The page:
My sweet hoard
We’ve been buying Polos for 70 years but sweets date back much further, their origins in myth and medicine
Polo Mints are celebrating 70 years in production. Launched by Rowntree’s in 1948, “the mint with the hole” is an old dog in no need of new tricks. Polos are scoffed today in astronomical numbers. Figures from 2004 show that 38 million Polos are produced every day, 140 consumed per second and around 100 million sucked a week. Apparently, this is what it takes to keep our breath fresh.
Tim Richardson, author of Sweets: A History of Temptation and the world’s first confectionary historian, shares Britain’s adoration for Polos. “I love Polos,” he enthuses. “I love taking them out of the packet, using your finger. You can feel the hole and Polo embossing with your tongue. You can suck them down to a delicate ring until it finally breaks or you can smash it up.” It is a process familiar to all.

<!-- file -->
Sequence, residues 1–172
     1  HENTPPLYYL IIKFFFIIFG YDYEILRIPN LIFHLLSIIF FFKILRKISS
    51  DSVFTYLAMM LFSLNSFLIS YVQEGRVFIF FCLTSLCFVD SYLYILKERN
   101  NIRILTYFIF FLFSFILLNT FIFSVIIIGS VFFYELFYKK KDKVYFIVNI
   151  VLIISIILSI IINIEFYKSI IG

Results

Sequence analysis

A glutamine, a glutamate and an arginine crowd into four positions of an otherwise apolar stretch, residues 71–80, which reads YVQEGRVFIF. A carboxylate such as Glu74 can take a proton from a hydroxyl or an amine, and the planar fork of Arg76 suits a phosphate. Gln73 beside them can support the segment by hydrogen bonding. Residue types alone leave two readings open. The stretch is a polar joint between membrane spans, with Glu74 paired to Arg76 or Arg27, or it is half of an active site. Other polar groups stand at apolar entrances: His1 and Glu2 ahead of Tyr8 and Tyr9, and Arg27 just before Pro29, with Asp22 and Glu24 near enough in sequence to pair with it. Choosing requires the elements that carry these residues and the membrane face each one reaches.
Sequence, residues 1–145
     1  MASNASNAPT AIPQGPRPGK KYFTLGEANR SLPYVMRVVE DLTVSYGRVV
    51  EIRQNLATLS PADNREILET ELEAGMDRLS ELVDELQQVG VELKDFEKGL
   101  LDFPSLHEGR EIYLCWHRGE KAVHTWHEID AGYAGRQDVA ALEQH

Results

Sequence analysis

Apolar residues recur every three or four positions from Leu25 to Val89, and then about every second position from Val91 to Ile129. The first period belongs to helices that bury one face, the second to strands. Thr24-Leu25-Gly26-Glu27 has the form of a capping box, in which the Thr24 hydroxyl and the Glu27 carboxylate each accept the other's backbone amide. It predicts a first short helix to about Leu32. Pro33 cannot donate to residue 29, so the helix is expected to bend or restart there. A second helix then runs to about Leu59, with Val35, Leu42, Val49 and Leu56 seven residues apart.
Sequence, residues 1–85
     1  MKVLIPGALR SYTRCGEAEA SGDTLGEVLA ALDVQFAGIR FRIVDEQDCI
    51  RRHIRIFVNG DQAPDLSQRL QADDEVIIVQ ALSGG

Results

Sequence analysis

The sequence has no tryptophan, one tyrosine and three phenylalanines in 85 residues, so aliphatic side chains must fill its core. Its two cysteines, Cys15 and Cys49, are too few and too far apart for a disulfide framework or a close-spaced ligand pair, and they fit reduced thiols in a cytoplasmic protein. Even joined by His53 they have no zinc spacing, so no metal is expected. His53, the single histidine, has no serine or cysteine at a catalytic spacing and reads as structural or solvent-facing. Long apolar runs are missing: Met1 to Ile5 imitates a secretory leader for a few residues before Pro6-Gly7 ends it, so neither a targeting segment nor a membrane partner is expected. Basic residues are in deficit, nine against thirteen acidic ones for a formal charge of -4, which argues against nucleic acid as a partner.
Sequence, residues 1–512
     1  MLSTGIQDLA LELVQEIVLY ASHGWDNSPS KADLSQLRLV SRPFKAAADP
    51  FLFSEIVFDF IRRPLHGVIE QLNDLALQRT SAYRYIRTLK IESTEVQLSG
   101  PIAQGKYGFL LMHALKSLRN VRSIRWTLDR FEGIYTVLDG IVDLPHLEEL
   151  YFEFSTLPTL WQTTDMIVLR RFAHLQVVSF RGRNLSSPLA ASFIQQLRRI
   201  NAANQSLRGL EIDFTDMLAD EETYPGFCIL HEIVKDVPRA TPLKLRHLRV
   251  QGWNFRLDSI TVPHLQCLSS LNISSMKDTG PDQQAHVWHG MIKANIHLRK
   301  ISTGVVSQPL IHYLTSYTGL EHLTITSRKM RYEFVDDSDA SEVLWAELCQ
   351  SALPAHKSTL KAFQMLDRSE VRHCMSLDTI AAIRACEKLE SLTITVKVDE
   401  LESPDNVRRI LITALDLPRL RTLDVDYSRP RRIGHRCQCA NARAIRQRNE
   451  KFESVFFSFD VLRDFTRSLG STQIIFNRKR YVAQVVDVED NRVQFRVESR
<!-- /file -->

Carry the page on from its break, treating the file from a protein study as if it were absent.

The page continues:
Polo Mints’ 70th birthday is actually belated. First manufactured at Rowntree’s York factory in 1948, Polos were developed in 1939 – the idea having been borrowed from across the Pond long before that. The company manufactured Lifesavers, an American mint named for its lifebelt-like shape, for US troops stationed in Britain during the First World War. When the war ended the licence was withdrawn, so Rowntree’s developed its own. The result was an
Top: The Oldest Sweet Shop in England, and, indeed, the world, opened in 1827 Above: the Polo has been with us for 70 years; 100 million are consumed weekly